…Exactly… by going to the places in Africa which others would rather avoid. Because it’s not only the culture and nature here that is typical for Africa. No, it’s also particularly the people and the way of life in the townships that is very special.
Fortunately, however, there are supportive companies that don’t look away. adidas is one of these companies and, amongst other projects, supports the organisation SCORE in South Africa.
Last year, my girl-friend Sindy and I decided to spend a three-week holiday in South Africa in order to get to know the country in all its facets. Beforehand, I had read in our Intranet that you can visit and support the partner organisation SCORE.
We got to know Betty from SCORE through Simone who is responsible for adidas’ community involvement activities. Together with her, we were able to plan our time at the organisation. It was very important to us to join in and help support SCORE for a few days in order to get to know the people and their way of life in the townships.
We met with Betty and Stefan in Cape Town in the SCORE office. Betty is Stefan’s right-hand man. Stefan himself is SCORE’s Executive Director. Over a cup of coffee we talked about SCORE’s tasks and progress reports, about ourselves and got to know each other in a lively get-together.
Betty drove us to the township Mbekweni, about 50 km away from Cape Town. In 2010, SCORE built a sports centre which is used every day by children of all age groups during and after their school day.
“It’s very moving to see how open and big-hearted the children are”
We received a very warm welcome and we had barely arrived when the children took us by the hand. I went with them to a nearby school to play rugby in the courtyard there. I was amazed by the boys’ speed and drive. During this time, my friend Sindy had her first Zumba course with a group of girls. With their own music they’d brought along and choreography, the kids and Sindy swayed their hips and had a ball.
Afterwards, we all sat down together with the children and a volunteer helper and talked about alcohol. Alcohol is one of the problems in the townships. We were also expected to give our views on the topic and answer their questions. It is very important for the kids and teenagers to talk to them about these problematic issues at an early stage and on a regular basis as this either never or hardly ever happens at home with their parents, provided that they still have parents.
After an exciting day, we were taken to our host family. Here, too, we were given a very warm welcome and the best room in the house. In the evening, while we were sitting outside, in front of the family’s house for a little while, four young boys suddenly appeared. With big wide eyes and torn clothing, they stood in front of us laughing. It didn’t take long to break the ice and then we danced and played together. It’s very moving to see how open and big-hearted the children are and how easy it is to ignite their enthusiasm with simple things.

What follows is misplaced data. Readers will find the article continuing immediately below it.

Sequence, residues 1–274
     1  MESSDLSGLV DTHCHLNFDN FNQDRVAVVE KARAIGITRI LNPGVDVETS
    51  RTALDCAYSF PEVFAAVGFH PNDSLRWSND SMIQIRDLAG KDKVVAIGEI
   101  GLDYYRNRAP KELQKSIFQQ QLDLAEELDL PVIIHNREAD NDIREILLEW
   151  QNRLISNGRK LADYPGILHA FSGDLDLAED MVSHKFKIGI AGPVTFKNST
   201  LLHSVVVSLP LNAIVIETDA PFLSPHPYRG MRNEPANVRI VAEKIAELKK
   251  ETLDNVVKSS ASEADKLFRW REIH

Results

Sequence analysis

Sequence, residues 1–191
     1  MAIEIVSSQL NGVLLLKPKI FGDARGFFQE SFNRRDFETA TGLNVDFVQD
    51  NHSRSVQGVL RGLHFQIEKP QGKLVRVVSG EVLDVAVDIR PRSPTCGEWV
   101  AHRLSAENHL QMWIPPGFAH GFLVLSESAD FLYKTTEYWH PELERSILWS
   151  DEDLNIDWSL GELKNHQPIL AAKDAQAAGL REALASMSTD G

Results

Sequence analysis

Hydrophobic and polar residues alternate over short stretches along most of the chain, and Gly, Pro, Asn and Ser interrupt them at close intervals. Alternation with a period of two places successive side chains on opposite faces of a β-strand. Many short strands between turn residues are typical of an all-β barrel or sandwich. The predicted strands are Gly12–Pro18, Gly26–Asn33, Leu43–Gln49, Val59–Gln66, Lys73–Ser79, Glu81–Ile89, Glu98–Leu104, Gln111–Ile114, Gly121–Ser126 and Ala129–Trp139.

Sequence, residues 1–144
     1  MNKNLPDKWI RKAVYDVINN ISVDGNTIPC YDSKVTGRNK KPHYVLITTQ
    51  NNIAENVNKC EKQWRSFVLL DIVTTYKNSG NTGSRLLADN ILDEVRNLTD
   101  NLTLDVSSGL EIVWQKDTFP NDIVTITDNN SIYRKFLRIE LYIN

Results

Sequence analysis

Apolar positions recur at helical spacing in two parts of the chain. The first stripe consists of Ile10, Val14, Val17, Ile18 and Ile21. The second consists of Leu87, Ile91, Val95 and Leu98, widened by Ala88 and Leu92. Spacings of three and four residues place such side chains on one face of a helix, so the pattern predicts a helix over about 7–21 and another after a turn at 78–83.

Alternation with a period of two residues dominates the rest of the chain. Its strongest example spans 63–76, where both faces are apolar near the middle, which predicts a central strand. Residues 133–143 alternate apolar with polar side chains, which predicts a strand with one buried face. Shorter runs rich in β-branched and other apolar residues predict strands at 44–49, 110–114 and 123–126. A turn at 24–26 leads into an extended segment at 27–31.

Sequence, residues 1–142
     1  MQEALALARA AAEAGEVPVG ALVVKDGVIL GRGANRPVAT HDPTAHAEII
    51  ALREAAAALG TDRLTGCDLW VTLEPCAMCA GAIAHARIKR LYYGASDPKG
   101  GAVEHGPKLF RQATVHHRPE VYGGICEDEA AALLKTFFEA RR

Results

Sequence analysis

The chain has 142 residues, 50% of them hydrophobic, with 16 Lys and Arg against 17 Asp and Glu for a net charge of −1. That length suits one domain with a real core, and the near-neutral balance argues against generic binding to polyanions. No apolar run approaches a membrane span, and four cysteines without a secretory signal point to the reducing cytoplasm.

After a wonderful African dinner, we sat together a little longer and handed over our presents for our hosts, much to the family’s delight. Then, the first exciting day with lots of lasting impressions came to an end.
On the second day, our host family’s daughter took us with her to school where, amongst other things, we took part in a sports lesson. However, the ‘Live Orientation’ lessons are much more important. In these lessons, pupils learn about problematic issues in the townships, such as rape, drugs, unemployment and sexuality, which starts at the early age of 12. SCORE is very active here as well, supporting schools in these activities. We also talked very openly to the children about these topics and tried to answer all their questions. Their school day was very interesting and helped us to get to know the children and all their problems and better understand them.
A rewarding surprise…
In the afternoon, the program once again focused on sporting activities for the older kids and art and crafts for the little ones. It’s amazing how little it takes to enthuse these children. We crafted figures using newspaper and egg boxes, and the children’s faces beamed with joy. We also made friendship bracelets with the little ones. We had brought a lot of wool with us from Germany and explained to the children the meaning and purpose of friendship bracelets. Everyone was very curious and excited and delighted with the bracelets. We sat on the floor together, surrounded by a host of small children. Everyone wanted to see what it was about. Sindy started by showing a little girl what to do, who then explained it to the next child. And, in this way, we worked our way around in a circle. It was really fantastic to see how the little ones helped and supported one another. It was a real and rewarding surprise.
On this afternoon, we danced a round of Zumba with the little ones again because they just had to see some more of it. And we were shown how to dance African style. Afterwards, we played the game ‘musical chairs’ with the children. We really had a very nice day with them.
The evening we spent with our host family playing family games we’d brought with us from Germany (UNO, memory, etc.). The whole family played the games, even the neighbors joined in, and much fun was had by all. We felt very welcome and almost at home. A wonderful family.
We spent the last hours on the day of our departure together with the SCORE team. We had a look at another nearby school where we were shown around by the school representative.
We found it very moving, and it was very hard to say goodbye to the whole team and the children.
The last and final highlight of our trip was a visit to a vineyard with Stefan where we talked about all our impressions of SCORE’s work.
We had a wonderful and exciting time and are grateful that we had the honour to experience it all.